October 2, 2014; Statesman Journal (Salem, OR)
In Marion County, Oregon, a ten-year-old nonprofit dealing with issues of incarcerated people and their families has closed its office and transferred a grant under its control to another nonprofit. A visit to its dynamic-looking website shows content over a year old; its last tweet was in February.
The Salem-based program provided mentors for youth impacted by incarceration and worked with offenders reentering society. The board president, Don McPherson, has yet to discuss if resuscitation efforts will be undertaken.
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Mid Valley Mentors reported $240,530 in revenue and $284,579 in expenses from July 2012 to June 2013, and its revenue was down by 76 percent year over year. Randy Franke, executive director of the United Way of the Mid Willamette Valley, which provides the grant that was transferred, said, “We appreciative the fact that they did contact us and work to make a smooth transition so the folks we’re trying to help successfully reenter society aren’t losing out.”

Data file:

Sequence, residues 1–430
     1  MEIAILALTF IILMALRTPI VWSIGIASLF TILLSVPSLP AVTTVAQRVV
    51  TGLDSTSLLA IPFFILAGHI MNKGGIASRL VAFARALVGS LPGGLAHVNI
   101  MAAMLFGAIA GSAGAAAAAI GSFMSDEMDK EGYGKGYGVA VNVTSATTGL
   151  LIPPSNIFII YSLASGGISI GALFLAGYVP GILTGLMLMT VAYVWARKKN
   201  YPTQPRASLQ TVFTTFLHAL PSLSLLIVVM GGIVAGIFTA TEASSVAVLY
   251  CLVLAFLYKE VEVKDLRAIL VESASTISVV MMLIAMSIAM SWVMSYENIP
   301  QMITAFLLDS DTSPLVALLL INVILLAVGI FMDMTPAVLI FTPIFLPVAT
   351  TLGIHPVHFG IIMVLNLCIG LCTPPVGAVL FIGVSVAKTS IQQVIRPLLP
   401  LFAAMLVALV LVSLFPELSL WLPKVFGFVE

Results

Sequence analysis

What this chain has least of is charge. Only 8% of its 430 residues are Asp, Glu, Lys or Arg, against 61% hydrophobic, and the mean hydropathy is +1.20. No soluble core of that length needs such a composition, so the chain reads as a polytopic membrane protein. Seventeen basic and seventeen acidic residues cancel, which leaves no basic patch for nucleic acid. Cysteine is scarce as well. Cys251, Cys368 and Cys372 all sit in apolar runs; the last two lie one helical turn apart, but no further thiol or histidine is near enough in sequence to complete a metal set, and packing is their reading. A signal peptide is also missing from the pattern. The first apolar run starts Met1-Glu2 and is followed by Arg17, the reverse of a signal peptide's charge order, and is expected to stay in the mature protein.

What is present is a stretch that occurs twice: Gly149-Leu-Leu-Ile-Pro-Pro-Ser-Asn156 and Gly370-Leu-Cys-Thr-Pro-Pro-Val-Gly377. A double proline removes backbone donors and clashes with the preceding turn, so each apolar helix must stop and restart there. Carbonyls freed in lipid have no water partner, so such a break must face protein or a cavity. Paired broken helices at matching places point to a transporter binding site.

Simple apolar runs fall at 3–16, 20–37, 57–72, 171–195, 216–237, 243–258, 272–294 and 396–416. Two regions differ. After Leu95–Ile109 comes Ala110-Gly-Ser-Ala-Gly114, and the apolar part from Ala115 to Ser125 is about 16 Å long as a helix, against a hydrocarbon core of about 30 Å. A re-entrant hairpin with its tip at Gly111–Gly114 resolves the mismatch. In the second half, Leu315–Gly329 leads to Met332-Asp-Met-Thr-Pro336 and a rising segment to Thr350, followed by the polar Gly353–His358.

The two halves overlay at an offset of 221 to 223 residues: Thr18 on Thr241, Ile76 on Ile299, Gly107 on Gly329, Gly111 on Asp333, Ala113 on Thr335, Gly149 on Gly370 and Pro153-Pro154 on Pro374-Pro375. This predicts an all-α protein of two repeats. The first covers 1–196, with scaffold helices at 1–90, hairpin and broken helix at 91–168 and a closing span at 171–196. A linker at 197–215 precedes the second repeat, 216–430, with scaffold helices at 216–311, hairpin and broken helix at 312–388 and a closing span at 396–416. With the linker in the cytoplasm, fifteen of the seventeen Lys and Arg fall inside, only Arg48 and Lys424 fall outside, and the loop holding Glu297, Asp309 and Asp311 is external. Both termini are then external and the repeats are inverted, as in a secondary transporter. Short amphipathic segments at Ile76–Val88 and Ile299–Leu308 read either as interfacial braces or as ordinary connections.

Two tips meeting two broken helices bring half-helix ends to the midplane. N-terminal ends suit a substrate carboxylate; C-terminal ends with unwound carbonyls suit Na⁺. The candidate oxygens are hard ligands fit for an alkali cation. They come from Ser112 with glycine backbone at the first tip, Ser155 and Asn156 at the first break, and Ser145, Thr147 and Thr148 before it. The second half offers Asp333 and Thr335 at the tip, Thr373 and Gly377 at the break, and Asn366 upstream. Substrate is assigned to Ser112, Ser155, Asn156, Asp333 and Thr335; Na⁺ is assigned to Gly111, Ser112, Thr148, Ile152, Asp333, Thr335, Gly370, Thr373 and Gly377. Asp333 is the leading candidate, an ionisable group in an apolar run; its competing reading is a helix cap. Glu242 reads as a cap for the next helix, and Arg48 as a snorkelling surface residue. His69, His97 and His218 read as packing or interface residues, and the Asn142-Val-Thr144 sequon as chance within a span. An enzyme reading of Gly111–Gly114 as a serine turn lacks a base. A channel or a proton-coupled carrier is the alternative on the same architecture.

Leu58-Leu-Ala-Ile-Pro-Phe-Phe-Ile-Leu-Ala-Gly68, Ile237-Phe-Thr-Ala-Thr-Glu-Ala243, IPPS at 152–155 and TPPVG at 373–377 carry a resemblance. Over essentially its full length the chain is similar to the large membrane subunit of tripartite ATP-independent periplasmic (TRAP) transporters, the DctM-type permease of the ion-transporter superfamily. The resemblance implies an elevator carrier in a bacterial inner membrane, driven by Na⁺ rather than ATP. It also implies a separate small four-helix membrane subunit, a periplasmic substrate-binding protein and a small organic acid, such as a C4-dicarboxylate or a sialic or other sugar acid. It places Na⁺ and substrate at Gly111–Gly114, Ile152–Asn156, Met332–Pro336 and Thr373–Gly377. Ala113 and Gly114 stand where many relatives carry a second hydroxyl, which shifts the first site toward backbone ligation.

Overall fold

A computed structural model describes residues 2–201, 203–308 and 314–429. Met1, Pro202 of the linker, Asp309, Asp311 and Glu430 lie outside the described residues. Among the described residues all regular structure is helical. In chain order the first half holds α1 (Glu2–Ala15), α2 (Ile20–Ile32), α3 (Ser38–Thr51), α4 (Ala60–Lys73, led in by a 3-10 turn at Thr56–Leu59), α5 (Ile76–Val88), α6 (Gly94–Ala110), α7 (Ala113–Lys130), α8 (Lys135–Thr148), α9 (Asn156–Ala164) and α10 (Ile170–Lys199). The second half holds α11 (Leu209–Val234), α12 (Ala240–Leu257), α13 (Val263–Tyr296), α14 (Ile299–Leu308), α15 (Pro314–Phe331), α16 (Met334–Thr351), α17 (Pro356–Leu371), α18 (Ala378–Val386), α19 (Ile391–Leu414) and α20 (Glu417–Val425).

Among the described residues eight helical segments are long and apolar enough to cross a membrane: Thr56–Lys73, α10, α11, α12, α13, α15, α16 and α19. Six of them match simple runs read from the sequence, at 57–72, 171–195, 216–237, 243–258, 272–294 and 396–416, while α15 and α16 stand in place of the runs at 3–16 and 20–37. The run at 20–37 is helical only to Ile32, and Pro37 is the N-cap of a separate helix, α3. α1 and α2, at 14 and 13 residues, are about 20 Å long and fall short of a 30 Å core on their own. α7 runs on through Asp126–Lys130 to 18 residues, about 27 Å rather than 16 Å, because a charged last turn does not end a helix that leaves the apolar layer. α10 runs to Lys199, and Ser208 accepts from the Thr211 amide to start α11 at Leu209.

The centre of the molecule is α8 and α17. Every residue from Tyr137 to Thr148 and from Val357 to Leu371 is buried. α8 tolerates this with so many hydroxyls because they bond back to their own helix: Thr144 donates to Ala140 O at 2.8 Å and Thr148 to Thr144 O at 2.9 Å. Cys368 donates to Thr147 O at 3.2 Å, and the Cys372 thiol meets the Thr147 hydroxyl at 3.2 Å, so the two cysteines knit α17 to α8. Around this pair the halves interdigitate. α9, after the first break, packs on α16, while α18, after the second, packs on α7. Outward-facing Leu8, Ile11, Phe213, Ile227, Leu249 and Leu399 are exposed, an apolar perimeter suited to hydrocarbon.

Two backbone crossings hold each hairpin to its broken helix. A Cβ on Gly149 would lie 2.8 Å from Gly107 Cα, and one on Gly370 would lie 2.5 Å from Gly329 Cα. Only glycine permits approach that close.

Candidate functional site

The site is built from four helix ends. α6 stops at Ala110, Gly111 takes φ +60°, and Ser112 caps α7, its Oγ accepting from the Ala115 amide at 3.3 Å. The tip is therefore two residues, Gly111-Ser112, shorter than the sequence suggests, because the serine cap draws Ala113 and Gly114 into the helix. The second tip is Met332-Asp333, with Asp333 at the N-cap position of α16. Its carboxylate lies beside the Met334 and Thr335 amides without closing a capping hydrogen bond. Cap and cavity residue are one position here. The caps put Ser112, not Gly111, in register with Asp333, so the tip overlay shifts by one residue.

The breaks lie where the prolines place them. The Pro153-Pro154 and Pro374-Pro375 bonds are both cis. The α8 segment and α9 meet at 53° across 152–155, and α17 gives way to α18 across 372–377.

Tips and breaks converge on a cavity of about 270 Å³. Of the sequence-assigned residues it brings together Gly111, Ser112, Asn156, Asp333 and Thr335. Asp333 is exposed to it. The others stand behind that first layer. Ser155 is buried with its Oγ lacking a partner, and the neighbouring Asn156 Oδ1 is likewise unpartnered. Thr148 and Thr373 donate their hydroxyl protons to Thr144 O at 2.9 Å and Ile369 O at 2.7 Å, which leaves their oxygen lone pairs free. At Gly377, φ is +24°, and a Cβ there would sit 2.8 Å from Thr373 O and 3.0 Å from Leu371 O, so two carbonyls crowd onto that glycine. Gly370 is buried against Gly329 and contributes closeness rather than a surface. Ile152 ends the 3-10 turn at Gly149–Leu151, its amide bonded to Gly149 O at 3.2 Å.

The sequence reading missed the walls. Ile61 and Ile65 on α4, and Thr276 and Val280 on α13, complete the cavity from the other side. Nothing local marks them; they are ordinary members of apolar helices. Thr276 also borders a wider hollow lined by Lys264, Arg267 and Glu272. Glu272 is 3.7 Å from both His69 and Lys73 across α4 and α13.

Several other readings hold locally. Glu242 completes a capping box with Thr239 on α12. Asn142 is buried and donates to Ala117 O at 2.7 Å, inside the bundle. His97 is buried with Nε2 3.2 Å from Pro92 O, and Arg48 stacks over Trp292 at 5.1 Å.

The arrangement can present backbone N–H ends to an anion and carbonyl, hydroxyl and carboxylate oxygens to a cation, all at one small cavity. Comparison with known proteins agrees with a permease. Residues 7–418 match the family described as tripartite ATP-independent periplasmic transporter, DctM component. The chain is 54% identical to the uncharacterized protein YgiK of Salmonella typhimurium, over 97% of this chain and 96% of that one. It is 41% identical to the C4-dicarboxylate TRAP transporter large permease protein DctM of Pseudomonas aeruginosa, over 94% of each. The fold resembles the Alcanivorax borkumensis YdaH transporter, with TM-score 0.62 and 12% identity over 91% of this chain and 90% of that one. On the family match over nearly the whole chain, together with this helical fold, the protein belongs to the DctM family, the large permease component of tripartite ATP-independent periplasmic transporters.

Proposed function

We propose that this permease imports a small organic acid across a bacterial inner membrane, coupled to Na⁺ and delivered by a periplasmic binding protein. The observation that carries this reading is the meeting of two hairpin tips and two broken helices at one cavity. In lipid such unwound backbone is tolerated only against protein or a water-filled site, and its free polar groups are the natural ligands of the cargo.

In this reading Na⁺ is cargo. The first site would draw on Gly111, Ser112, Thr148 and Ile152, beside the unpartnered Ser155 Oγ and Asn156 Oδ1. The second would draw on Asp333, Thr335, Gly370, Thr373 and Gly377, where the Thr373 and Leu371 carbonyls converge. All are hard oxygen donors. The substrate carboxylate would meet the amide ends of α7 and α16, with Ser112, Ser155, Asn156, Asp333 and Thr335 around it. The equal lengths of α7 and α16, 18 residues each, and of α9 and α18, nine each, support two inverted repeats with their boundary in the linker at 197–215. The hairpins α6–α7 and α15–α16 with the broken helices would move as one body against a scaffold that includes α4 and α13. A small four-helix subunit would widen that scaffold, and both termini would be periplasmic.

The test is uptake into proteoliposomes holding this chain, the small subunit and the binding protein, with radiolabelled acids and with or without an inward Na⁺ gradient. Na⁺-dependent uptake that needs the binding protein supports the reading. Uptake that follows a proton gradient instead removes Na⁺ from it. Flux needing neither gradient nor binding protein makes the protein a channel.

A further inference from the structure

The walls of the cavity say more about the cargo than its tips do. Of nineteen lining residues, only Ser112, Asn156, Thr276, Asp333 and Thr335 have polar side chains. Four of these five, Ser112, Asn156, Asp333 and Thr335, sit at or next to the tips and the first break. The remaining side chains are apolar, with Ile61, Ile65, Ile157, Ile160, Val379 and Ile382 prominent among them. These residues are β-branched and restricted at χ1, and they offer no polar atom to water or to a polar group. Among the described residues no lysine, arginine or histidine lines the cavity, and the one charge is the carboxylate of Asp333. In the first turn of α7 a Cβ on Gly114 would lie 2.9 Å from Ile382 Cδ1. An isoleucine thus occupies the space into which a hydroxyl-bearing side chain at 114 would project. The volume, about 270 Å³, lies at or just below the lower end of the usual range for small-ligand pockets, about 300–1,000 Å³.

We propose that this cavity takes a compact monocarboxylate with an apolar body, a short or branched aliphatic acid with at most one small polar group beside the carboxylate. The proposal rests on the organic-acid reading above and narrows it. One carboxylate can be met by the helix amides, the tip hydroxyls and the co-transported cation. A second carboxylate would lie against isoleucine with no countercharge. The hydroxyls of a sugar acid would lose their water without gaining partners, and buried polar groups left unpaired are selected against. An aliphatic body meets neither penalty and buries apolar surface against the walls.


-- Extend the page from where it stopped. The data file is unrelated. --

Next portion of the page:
The intensive need for support services for incarcerated people and their families is always great, but in my experience it’s some of the hardest work for which to find a secure stream of funding. We wish this effort the best possible outcome in terms of a continuation of their important work.
Disclosure: Forty-plus years ago, I helped to found and run an advocacy and peer support organization made up of prisoners’ families. It was hard and necessary work then, as it is now.—Ruth McCambridge